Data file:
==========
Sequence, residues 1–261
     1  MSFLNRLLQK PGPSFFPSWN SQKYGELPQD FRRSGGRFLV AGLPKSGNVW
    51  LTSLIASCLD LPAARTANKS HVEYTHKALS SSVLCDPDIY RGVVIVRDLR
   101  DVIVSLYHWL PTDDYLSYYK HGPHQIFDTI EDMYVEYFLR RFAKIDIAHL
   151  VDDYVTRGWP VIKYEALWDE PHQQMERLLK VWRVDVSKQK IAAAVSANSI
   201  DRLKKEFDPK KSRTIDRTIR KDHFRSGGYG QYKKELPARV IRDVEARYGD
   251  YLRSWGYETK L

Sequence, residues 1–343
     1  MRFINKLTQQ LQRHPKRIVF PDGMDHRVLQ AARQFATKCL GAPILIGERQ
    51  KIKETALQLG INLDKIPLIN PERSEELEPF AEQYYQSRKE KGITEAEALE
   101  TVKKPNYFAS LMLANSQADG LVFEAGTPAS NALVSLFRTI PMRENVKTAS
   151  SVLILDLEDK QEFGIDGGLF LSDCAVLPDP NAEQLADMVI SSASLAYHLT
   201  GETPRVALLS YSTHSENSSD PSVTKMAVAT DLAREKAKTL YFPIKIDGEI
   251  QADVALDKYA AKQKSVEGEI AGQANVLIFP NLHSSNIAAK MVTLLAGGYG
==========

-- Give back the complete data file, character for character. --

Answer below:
Sequence, residues 1–261
     1  MSFLNRLLQK PGPSFFPSWN SQKYGELPQD FRRSGGRFLV AGLPKSGNVW
    51  LTSLIASCLD LPAARTANKS HVEYTHKALS SSVLCDPDIY RGVVIVRDLR
   101  DVIVSLYHWL PTDDYLSYYK HGPHQIFDTI EDMYVEYFLR RFAKIDIAHL
   151  VDDYVTRGWP VIKYEALWDE PHQQMERLLK VWRVDVSKQK IAAAVSANSI
   201  DRLKKEFDPK KSRTIDRTIR KDHFRSGGYG QYKKELPARV IRDVEARYGD
   251  YLRSWGYETK L

Sequence, residues 1–343
     1  MRFINKLTQQ LQRHPKRIVF PDGMDHRVLQ AARQFATKCL GAPILIGERQ
    51  KIKETALQLG INLDKIPLIN PERSEELEPF AEQYYQSRKE KGITEAEALE
   101  TVKKPNYFAS LMLANSQADG LVFEAGTPAS NALVSLFRTI PMRENVKTAS
   151  SVLILDLEDK QEFGIDGGLF LSDCAVLPDP NAEQLADMVI SSASLAYHLT
   201  GETPRVALLS YSTHSENSSD PSVTKMAVAT DLAREKAKTL YFPIKIDGEI
   251  QADVALDKYA AKQKSVEGEI AGQANVLIFP NLHSSNIAAK MVTLLAGGYG